From this, we see that Hill shows a clearaspiration to live within the crime family and begins to refer to the generalsociety as ‘bums’ for making a living through legitimate means. Hill alsorefers to his education as ‘government bullshit’ and views education as a wasteof time; Hill is unable to see the benefits of legitimate education as anappropriate step towards a socially accepted and well deserved future. Thispresents a clear understanding of how role models can affect the behaviour oftheir subjects, whether the behaviour is illegal or not. Hill’s associate’sgive something for him to strive towards by giving him money and opportunitiesthat nobody else can. Walter B Miller’s ethnographicresearch on the behaviour of male gang members (1958) establishes 6 mainconcerns in such an area as Brooklyn, where most of the film was set. The sixmain concerns are toughness, trouble, smartness, excitement, fate and autonomy;many of which can provide reasons for the behaviour of most associates withinthe crime family.

For example, toughness refers to aspects of masculinity andthe nature of male dominance and battles for leadership among such groups. Inaddition, we can apply autonomy, which Merton describes as a ‘strong resentmentfor interference and intervention from outsiders’. This becomes apparent whenKaren Hill, the wife of Henry, begins to explain what it was like being a partof such a controversial group; “We werealways together, no outsiders ever, it got to be normal”. Furthermore,Merton explains the idea of excitement within such groups which explains howthe crime family was initiated.

Relating to my previous point of the Americandream the need to be at the top of the social ladder, Hill and his associatesseek excitement in everyday life. This is due to the lack of opportunitieselsewhere and the eagerness to stray away from the monotonous daily life of thegeneral society around them. Hill’s behaviour is also anaccurate representation of the characteristics involved with Sutherland’s Differential Association theory (1947).

Sutherland’s thinking behind this theory is that the nature of one’spersonality relies on interaction in social groups that share similar norms andideals; he believes that most of this behaviour is passed on through imitationand Operant Learning (Skinner 1953).At one particular moment in the film, Hill faces prosecution in court forselling stolen cigarettes on the streets of New York for friend and fellow Mobassociate Jimmy Burke. At the end of the court hearing Hill is praised by Burkefor not ‘ratting on his friends’ and for ‘keeping his mouth shut’ and receivesmoney from Burke as a reward. This is an example of positive reinforcement whichwill encourage similar behaviour in the future; this reinforcement will encourageHill to feel a sense of approval giving him the desire to continue to acceptany tasks or jobs from his associates that will keep them happy.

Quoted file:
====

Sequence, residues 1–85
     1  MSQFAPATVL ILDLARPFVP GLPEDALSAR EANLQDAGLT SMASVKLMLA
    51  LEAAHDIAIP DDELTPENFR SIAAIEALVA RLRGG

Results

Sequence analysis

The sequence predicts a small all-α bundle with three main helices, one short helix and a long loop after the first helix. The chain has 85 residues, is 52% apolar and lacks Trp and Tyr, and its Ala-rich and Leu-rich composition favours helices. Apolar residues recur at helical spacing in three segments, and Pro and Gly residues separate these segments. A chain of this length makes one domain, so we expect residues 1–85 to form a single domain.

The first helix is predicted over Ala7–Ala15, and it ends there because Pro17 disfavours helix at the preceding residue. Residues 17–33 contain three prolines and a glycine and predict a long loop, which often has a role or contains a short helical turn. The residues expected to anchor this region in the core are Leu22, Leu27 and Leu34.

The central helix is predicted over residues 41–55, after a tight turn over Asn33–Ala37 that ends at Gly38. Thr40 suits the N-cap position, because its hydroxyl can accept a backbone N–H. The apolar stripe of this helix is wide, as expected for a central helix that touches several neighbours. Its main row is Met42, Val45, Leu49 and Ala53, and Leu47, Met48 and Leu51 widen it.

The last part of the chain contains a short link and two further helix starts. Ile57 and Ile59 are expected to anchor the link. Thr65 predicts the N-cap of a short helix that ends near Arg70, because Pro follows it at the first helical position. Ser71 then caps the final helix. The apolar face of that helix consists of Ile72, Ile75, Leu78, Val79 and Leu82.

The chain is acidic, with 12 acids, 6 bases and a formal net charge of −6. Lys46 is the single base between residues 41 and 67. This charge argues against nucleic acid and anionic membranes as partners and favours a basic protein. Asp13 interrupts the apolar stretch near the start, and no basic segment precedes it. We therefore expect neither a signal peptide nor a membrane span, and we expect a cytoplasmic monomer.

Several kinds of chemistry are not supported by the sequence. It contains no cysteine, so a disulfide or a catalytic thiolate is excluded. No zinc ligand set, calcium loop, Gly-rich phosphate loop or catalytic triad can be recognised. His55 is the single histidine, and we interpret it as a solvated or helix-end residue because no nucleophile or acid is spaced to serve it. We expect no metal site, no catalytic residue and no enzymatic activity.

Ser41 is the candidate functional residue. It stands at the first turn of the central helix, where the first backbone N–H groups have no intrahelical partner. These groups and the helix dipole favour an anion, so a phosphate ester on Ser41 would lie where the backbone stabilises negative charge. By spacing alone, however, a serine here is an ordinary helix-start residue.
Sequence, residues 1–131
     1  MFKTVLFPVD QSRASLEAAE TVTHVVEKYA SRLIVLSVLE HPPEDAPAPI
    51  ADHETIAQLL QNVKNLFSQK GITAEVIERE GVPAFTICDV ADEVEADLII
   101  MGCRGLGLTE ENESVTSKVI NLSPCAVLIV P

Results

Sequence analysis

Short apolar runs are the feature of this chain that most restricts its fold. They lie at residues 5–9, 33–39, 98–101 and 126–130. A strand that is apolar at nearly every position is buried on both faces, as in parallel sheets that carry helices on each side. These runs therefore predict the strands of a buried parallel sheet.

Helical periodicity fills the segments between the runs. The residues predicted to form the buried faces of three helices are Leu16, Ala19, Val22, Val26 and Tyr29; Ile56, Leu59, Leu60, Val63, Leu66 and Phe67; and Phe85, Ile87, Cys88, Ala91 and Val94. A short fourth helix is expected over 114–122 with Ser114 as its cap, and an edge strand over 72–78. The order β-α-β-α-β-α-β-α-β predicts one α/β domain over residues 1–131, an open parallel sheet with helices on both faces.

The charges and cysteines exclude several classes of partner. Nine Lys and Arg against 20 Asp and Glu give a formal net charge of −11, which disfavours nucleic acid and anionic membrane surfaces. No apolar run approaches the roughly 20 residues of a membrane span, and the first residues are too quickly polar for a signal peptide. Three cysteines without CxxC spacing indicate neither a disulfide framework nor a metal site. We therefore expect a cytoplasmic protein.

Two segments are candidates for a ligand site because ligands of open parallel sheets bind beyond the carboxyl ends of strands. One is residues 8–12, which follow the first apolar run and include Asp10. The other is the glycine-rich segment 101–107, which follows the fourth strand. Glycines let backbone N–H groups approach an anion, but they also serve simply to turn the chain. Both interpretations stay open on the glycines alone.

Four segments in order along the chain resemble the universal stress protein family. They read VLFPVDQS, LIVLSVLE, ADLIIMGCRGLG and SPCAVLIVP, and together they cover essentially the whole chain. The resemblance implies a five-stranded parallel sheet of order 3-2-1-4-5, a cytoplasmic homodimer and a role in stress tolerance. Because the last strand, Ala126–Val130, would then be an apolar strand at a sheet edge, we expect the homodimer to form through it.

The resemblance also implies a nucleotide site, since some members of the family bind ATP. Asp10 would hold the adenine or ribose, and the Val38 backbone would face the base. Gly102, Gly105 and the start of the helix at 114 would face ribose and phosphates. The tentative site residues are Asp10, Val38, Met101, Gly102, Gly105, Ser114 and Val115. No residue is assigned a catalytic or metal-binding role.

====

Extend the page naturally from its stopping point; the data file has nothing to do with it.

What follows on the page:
This positivereinforcement comes hand in hand with negative reinforcement whereby badbehaviours amongst the gang are punished through beatings or even death. Bywitnessing this behaviour Hill consequently respects his associates and followsthe unwritten rules of the gang to ensure it doesn’t happen to him as wellensure the respect of the rest of the group.When Hill is well immersed intothe daily routine of Mafioso life, he begins to expect the regard of not onlyhis associates but the rest of society through their fear of death andpunishment. Hill himself begins to reward members of society to keep them onhis side, a behaviour learnt by fellow associate Jimmy Burke. For example, onepart of the film shows us Hill taking his wife to a show, he places $20 in thehand of each worker at the event that allows him to cut corners – Not queueingoutside with the rest of the public, walking through the kitchen to avoid thecrowds inside, and ensuring a table for him and his date at the very front ofthe stage. The rest of society and even the public begin to see this behaviouras normal and allow it to occur in order to respect him and the Lucchese Mob. Peopleeven begin to start doing him favours without asking, this is a prime examplehow society’s behaviour can alter and change due to a shift in authority. Witheven the police on their side, the public turn a blind eye to any crime the Mobcommits to adhere to the cohesion within the community because of theirdominance over the area.